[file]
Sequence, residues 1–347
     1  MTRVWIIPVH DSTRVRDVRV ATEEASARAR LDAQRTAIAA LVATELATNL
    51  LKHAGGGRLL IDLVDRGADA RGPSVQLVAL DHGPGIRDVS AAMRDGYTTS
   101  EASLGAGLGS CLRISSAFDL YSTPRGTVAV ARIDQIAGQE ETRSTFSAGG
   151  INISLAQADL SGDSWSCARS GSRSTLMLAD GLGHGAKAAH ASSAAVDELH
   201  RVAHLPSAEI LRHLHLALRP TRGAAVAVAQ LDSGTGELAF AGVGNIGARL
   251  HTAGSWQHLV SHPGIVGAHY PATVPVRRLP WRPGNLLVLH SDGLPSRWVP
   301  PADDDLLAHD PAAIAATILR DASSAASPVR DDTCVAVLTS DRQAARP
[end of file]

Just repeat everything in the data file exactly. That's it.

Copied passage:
Sequence, residues 1–347
     1  MTRVWIIPVH DSTRVRDVRV ATEEASARAR LDAQRTAIAA LVATELATNL
    51  LKHAGGGRLL IDLVDRGADA RGPSVQLVAL DHGPGIRDVS AAMRDGYTTS
   101  EASLGAGLGS CLRISSAFDL YSTPRGTVAV ARIDQIAGQE ETRSTFSAGG
   151  INISLAQADL SGDSWSCARS GSRSTLMLAD GLGHGAKAAH ASSAAVDELH
   201  RVAHLPSAEI LRHLHLALRP TRGAAVAVAQ LDSGTGELAF AGVGNIGARL
   251  HTAGSWQHLV SHPGIVGAHY PATVPVRRLP WRPGNLLVLH SDGLPSRWVP
   301  PADDDLLAHD PAAIAATILR DASSAASPVR DDTCVAVLTS DRQAARP